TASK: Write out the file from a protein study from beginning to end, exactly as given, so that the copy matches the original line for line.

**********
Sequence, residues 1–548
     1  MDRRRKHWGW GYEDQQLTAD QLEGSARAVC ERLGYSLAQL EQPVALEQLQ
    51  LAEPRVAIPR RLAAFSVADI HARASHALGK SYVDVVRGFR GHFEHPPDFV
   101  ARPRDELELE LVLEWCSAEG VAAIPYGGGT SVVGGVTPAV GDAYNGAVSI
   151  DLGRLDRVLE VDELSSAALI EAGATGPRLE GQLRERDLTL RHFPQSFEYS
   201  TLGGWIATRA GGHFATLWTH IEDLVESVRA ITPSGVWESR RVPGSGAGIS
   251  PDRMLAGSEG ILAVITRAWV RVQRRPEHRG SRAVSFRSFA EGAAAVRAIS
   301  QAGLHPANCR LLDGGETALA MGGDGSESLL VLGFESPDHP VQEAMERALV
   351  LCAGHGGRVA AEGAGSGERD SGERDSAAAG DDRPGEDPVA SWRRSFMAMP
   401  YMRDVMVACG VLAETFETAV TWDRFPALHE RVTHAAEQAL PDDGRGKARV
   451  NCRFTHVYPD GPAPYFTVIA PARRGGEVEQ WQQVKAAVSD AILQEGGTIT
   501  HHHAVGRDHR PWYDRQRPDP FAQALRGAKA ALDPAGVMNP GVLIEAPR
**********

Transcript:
Sequence, residues 1–548
     1  MDRRRKHWGW GYEDQQLTAD QLEGSARAVC ERLGYSLAQL EQPVALEQLQ
    51  LAEPRVAIPR RLAAFSVADI HARASHALGK SYVDVVRGFR GHFEHPPDFV
   101  ARPRDELELE LVLEWCSAEG VAAIPYGGGT SVVGGVTPAV GDAYNGAVSI
   151  DLGRLDRVLE VDELSSAALI EAGATGPRLE GQLRERDLTL RHFPQSFEYS
   201  TLGGWIATRA GGHFATLWTH IEDLVESVRA ITPSGVWESR RVPGSGAGIS
   251  PDRMLAGSEG ILAVITRAWV RVQRRPEHRG SRAVSFRSFA EGAAAVRAIS
   301  QAGLHPANCR LLDGGETALA MGGDGSESLL VLGFESPDHP VQEAMERALV
   351  LCAGHGGRVA AEGAGSGERD SGERDSAAAG DDRPGEDPVA SWRRSFMAMP
   401  YMRDVMVACG VLAETFETAV TWDRFPALHE RVTHAAEQAL PDDGRGKARV
   451  NCRFTHVYPD GPAPYFTVIA PARRGGEVEQ WQQVKAAVSD AILQEGGTIT
   501  HHHAVGRDHR PWYDRQRPDP FAQALRGAKA ALDPAGVMNP GVLIEAPR